3 Common Medical Accounts Receivable Problems and How to Fix Them

Has poor medical accounts receivable management resulted in a reduction of cash flow for your medical practice? For hospitals and providers, it is not uncommon for accounts receivables to be put on the back burner. However, getting paid for services rendered is crucial in maintaining a successful practice and fulfilling your mission. Here are some common accounts receivable problems that can decrease your revenue and tips on how to fix them:

1. Denied claims. According to a March 2011 report by the U.S. Government Accountability office (GAO), a lack of denial management processes can cause providers to lose out on about 10 percent of potential profits. However, only 35 percent of providers appeal denied claims. In order to retrieve the highest amount of revenue, your accounts receivable staff should be able to follow up with patients to investigate certain claims that were denied and determine what needs to be submitted in order to appeal the denials.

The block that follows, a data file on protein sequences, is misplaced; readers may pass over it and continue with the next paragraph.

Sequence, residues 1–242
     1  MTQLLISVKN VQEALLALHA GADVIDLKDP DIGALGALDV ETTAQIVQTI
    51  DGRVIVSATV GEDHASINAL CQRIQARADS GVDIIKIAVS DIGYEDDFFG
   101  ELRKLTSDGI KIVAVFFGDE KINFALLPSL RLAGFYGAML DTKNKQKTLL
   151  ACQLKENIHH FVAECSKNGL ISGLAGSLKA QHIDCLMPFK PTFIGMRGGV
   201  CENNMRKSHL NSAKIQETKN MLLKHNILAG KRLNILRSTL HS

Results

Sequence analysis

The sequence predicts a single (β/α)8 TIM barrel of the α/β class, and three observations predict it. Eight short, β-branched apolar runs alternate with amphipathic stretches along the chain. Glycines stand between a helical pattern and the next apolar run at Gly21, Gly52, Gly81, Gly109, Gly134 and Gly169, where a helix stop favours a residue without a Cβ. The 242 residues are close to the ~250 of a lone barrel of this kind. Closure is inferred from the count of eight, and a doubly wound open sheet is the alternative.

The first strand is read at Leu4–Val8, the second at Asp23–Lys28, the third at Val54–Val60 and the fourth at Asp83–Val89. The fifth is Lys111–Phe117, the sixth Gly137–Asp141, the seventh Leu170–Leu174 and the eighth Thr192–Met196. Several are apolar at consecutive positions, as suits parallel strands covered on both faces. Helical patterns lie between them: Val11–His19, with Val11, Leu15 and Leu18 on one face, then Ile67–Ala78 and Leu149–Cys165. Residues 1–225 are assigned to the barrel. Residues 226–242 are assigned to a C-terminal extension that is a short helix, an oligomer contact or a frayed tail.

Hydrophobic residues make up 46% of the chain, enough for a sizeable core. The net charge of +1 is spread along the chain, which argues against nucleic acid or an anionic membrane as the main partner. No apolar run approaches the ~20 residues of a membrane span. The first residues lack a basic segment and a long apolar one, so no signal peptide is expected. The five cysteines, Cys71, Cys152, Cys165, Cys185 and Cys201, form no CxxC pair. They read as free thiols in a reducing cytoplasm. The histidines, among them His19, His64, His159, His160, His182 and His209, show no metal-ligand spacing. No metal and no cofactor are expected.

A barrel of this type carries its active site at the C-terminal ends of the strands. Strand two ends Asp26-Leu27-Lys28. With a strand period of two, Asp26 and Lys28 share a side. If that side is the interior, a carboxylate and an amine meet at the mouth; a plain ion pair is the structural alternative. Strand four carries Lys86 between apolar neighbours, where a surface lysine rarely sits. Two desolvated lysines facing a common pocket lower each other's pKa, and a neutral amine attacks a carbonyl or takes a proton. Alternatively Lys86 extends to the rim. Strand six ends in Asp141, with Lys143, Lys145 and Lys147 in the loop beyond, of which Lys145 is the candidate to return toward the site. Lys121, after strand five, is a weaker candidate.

2. Write-offs. Prior to your billing staff writing off unpaid claims, be sure to review and approve everything before they write it off – even small claims. By doing this, it will ensure that all options are exhausted and that money is not being lost arbitrarily. Most patients, if given the chance, are willing to make payments in installments or will work with you to reduce their medical debt.

3. Unmotivated staff. Whether your employees are providing patient care or managing accounts, it is important for each individual who works in your organization to be passionate about their job and to believe in your practice’s mission statement. Therefore, bringing in qualified billing and administrative staff can be just as important as hiring first-rate nurses. If you are having a hard time motivating your medical accounts receivables staff, you should consider outsourcing this aspect of your company to experienced A/R professionals who will work to get the highest return on filed claims.

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This information is not to be construed as legal advice. Legal advice must be tailored to the specific circumstances of each case. Although we attempt to provide up-to-date information, laws and regulations often change. We make no claims, promises, or guarantees about the accuracy or completeness of this document.For legal advice, please consult an attorney.
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